The case of a 16-year-old girl accused of torturing and beating an elderly woman to death last July will return to adult court, a San Bernardino Juvenile Court judge ruled Thursday.
"She has no compassion, no empathy, no morality or decency," Judge John P. Wade said, explaining why he determined that Christy Phillips, who was 15 at the time of the crime, is unfit to be tried in Juvenile Court.
Wade found that the heinous nature of the crime and the limited time the juvenile justice system would have to rehabilitate Phillips warranted trial in adult court.
Phillips' case will return to San Bernardino County Superior Court in Fontana on Monday, 11 months after she was arraigned there as an adult.
On March 13, Judge Douglas Elwell announced that he no longer had jurisdiction over the case, citing a February state Court of Appeal ruling that invalidated a state law allowing prosecutors--not Juvenile Court judges--to decide whether 14-to-18-year-olds accused of serious crimes should be tried as adults.
The San Bernardino County district attorney's office had used the law to file murder and torture charges against Phillips without a fitness hearing before a Juvenile Court judge, a move no longer legal after the Court of Appeal decision.
If she is convicted as an adult, Phillips could face a sentence of 32 years to life in prison. If tried and convicted as a juvenile, Phillips would probably have been released from custody when she turned 25. Phillips looked down as Wade read his decision to a small gallery that included the victim's sister and other members of her family.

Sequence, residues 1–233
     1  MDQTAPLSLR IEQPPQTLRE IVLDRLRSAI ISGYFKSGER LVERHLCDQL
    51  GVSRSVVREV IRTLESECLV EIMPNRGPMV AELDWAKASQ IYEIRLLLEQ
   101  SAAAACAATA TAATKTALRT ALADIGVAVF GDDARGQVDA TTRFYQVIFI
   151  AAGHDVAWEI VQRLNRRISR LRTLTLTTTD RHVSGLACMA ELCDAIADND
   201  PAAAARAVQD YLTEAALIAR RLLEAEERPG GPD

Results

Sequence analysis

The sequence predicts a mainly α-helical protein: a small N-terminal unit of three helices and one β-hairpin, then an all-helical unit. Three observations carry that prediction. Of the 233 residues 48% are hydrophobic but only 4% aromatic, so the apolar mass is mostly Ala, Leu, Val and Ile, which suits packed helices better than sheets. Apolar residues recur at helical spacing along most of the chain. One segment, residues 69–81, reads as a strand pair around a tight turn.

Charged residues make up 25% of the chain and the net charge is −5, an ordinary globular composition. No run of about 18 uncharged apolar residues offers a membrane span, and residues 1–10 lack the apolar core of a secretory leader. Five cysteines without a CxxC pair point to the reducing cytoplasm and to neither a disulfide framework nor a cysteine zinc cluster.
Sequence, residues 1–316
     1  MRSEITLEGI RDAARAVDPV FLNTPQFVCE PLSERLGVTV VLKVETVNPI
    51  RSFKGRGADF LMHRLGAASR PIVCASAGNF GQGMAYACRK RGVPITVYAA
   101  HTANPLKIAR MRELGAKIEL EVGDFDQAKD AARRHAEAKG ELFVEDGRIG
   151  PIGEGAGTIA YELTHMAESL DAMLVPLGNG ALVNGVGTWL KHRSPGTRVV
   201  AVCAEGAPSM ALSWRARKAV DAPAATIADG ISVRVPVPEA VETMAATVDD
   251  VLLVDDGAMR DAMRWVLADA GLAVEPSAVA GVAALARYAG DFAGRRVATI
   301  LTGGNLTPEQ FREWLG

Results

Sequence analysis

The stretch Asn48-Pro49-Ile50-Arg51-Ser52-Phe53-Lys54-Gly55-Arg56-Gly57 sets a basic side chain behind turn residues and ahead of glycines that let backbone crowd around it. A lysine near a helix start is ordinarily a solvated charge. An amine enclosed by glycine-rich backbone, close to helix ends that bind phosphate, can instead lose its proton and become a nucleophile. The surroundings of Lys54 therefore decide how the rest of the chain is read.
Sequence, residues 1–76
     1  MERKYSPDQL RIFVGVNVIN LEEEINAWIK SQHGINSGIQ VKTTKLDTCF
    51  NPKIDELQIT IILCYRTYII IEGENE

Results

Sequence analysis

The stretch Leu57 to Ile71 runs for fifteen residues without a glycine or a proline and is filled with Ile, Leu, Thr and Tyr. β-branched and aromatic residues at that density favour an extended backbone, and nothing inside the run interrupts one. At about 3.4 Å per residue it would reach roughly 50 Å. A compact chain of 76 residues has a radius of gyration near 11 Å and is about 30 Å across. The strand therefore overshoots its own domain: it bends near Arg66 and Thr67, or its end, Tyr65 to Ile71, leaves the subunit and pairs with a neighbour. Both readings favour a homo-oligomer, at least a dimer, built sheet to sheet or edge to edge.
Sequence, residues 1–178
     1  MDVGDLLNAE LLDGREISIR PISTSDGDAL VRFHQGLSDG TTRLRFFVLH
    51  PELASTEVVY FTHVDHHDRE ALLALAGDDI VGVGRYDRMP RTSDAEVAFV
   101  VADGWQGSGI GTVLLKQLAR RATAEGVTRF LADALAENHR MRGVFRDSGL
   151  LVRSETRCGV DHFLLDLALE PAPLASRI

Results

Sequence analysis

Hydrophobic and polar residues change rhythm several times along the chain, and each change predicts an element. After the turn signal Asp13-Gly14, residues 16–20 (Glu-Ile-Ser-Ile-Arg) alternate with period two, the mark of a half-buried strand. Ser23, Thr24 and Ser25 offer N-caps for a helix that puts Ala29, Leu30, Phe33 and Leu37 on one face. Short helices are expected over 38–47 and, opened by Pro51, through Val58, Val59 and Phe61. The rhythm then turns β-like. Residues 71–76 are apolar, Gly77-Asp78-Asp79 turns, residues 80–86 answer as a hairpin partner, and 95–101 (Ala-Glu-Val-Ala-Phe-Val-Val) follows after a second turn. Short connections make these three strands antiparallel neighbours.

Some of those relatives blinked back tears as the judge described how 72-year-old Manuela "Nellie" Fyock was hit in the face and head with tools from her Rialto home--including a hatchet, wrenches and a metal wedge used for splitting wood--while she lay in bed. The crime was so heinous that it could have been conceived by the author of a horror novel, Wade said.
"She spit on the victim as she left her dying with a hatchet in her neck," Wade said, referring to Phillips' own account of the crime in a confession she gave to police. Phillips' attorney now disputes the validity of that account.
Outside the courtroom, Fyock's family members declined to comment on the judge's decision.
Phillips' mother, Anita, said she had hoped the hearing would go differently but said she was not surprised.
She had visited her daughter in Juvenile Hall on Monday, she said.
"She was OK," Anita Phillips said. "She was calm."